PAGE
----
Minister: Finns won’t pay for eurozone debt

A Finnish minister has said that the Scandinavian country does not intend to help pay the debts of other eurozone countries.

Finland’s finance minister Jutta Urpilainen said in an interview with the financial daily Kauppalehti last week that, “Collective responsibility for other countries’ debt, economics and risks; this is not what we should be prepared for.”

Kauppalehti commentators have since interpreted the minister’s comments as stating that Finland was considering backing out of the eurozone rather than contributing to rescue efforts for ailing countries in the union.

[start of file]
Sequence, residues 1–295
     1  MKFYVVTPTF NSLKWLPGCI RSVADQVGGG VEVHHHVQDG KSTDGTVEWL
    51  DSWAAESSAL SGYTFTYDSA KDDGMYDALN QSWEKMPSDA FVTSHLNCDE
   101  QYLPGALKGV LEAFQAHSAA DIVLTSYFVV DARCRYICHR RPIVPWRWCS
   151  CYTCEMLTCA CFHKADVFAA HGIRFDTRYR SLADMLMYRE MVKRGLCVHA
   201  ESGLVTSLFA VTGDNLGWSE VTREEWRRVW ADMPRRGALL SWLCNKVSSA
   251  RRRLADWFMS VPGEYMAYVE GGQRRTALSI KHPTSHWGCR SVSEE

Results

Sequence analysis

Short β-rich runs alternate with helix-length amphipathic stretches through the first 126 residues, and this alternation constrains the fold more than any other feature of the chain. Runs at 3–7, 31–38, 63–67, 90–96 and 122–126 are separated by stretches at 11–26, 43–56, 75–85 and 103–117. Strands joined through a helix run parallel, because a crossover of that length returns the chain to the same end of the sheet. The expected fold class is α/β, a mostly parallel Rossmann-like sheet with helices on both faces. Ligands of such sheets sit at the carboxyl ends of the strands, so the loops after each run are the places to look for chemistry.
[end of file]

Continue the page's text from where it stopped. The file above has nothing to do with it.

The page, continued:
However, Matti Hirvola, a spokesman for Urpilainen, has since played down the interpretation. He said, “all claims that Finland would leave the euro are simply false,” the AFP reports.

Moreover, Urpilainen seemed to speak against such claims in the same interview. “Finland is committed to being a member of the eurozone, and we think that the euro is useful for Finland”.

However, she added that the Finns would “represent a tough line” in the ordeal. We are constructive and want to solve the crisis, but not on any terms,” she said.

Finland was highly resistant to Europe’s second Greek bailout last year and only agreed to the move following a collateral agreement with Greek authorities.